Given the brevity of most browser games, it can be hard for them to really tell a complete story that really connects with the player. This week I've got five free games for you that do an excellent job of telling great stories about life, death, truth--and fighting demons as an 8 year old.
It's hard to make Atari-level graphics disturbing, but Misadventure does it with style. The conceit of the game is that you're an 8-year-old that's been chosen to ward off an invasion of evil demons. You just think you're playing a video game though, so when the disturbing imagery pops up half of the scares come from the graphics themselves and half comes from imagining the 8-year-old that thinks this is all perfectly normal.
Truth Only does a great job of telling a story through gameplay. At first it seems like a traditional first-person shooter with some impressive graphics for a browser game. But as you start noticing who your enemies are and how your own weapon functions, the story of who you are and what you're doing starts to draw you deeper and deeper into the game.
Lost Fluid is impressive mostly for the speed with which it establishes and tells its story. The whole game takes 10 minutes to play, less if you know what you're doing or consult the walkthrough helpfully available in the upper right part of the game. In that time though, Lost Fluid manages to sketch an impressive little sci-fi tale about life and death.
Fragments of Him
Fragments of Him is just about death. You play a character whose lover has died in a car accident, and each level has you traveling around a location erasing all the painful memories of your time together. The mechanic is so simple it's questionable if Fragments of Him is actually a game in the traditional sense, but the story it manages to tell in the space it creates is powerful enough to brush those kinds of questions aside. Game or not, Fragments of Him is an experience that's worth the time you'll spend on it.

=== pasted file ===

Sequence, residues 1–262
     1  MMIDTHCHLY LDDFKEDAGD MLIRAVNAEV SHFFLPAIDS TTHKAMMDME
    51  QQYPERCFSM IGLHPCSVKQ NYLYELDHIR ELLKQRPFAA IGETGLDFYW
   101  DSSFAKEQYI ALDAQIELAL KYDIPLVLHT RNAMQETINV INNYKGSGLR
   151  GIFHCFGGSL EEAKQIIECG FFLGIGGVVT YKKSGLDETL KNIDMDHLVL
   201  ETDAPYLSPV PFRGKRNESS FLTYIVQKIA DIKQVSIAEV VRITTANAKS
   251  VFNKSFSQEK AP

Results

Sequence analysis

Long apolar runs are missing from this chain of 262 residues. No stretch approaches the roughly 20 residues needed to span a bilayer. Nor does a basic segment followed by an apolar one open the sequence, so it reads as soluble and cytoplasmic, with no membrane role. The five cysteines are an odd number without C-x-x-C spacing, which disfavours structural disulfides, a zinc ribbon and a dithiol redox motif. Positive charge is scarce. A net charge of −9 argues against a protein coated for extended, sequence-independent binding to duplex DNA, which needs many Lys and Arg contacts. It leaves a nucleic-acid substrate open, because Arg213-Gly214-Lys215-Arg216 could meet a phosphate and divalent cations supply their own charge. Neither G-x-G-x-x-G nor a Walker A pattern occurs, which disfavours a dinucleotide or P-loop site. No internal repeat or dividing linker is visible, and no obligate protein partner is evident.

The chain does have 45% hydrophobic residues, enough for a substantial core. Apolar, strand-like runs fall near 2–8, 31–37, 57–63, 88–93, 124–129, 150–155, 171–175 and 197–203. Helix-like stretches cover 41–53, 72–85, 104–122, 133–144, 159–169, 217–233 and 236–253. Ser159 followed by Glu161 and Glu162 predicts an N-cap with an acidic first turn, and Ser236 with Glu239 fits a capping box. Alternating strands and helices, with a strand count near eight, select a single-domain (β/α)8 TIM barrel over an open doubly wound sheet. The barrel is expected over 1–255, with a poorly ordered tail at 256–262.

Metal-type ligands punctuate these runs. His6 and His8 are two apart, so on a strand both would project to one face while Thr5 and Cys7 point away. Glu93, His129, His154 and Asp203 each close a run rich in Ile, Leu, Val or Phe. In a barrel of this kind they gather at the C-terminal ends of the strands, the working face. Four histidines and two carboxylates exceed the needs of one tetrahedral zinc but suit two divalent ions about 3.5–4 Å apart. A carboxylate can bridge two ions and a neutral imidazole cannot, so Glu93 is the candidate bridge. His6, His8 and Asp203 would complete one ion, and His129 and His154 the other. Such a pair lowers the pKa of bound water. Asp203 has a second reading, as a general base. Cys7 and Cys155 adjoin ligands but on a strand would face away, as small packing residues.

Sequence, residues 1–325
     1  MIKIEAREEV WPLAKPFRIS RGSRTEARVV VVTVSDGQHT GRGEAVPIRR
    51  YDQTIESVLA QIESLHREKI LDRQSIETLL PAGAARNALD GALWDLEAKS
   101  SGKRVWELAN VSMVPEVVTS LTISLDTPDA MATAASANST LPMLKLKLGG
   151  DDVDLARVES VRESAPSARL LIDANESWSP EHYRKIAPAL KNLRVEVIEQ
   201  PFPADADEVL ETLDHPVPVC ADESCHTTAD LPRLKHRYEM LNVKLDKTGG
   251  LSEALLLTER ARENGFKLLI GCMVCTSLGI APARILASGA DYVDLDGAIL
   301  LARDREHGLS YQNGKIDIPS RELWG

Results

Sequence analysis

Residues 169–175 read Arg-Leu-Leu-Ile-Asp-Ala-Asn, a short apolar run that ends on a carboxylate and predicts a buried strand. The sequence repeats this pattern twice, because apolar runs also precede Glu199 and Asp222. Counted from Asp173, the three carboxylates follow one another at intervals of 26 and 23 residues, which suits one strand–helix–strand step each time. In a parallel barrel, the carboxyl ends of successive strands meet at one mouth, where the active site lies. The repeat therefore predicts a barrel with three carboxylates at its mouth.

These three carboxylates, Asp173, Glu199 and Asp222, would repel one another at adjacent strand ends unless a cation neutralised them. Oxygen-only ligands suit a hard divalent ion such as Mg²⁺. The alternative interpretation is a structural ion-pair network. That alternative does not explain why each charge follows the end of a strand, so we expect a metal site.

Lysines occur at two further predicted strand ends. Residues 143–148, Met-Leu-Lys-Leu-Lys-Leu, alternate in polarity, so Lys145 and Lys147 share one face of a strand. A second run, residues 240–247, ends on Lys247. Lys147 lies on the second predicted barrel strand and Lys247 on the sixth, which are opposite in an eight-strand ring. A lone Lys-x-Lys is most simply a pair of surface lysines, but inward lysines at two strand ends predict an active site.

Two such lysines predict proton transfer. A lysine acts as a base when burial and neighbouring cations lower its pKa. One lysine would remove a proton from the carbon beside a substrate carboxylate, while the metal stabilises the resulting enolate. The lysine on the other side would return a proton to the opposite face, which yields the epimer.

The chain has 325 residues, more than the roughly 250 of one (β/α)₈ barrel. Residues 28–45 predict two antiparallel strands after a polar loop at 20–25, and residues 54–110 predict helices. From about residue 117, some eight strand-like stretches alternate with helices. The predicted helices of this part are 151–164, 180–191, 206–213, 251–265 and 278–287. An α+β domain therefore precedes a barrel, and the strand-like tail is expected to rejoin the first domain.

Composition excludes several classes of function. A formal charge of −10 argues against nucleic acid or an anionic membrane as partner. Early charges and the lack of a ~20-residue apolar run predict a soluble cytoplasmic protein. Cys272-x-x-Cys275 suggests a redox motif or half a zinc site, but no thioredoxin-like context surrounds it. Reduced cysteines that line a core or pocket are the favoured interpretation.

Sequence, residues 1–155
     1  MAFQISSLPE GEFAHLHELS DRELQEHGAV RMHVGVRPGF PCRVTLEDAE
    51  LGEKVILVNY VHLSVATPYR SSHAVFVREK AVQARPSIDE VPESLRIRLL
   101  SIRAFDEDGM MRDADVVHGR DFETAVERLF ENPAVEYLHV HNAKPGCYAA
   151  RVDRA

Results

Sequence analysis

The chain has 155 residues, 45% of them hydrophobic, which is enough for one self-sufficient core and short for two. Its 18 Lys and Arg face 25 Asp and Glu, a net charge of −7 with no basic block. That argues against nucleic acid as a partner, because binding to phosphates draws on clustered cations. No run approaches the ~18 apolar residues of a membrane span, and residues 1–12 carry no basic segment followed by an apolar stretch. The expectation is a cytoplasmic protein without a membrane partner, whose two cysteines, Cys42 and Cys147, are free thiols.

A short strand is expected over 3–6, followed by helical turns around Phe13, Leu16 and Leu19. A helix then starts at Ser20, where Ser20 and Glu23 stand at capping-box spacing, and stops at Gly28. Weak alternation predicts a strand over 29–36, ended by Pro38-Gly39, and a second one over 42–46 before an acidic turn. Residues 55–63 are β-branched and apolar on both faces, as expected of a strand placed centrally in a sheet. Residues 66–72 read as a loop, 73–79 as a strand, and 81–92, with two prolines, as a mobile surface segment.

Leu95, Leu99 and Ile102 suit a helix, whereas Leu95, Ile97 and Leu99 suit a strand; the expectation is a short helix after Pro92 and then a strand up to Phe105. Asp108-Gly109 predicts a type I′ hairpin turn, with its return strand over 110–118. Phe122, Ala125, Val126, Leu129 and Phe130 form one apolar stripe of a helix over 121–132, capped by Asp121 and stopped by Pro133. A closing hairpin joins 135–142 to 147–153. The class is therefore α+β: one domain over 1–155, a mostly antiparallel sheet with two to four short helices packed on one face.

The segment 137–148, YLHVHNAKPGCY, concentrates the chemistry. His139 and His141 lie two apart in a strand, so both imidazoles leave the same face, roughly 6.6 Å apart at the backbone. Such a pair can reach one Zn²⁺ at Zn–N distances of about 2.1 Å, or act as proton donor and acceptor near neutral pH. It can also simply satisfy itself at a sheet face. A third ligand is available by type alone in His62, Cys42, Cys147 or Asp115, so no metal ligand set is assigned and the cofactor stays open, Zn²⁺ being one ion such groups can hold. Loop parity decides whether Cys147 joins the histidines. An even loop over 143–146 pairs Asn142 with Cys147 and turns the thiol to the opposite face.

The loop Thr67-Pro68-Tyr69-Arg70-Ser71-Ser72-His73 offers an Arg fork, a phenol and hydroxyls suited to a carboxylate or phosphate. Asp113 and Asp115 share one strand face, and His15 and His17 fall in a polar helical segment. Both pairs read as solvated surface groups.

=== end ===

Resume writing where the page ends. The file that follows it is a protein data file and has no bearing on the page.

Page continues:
Just in case you didn't find Fragments of Him bleak enough here's Terminally Ill, a game that's so irritatingly difficult I'd ordinarily discard it from Free Game Friday. What keeps me coming back is the story around those impossibly difficult tasks. You play as a character that's terminally ill and on the verge of brain death. In a last ditch effort to buy you a little bit more time, your doctors have hooked you up to a machine that tries to stimulate your brain with a few simple games. If you can manage to play them well you can buy yourself a little more time but when you die you, well, die. It's a simple premise and obviously it doesn't make your death any more real than it is in any other video game, but it adds a surprising amount of weight to every mistake you make in the game.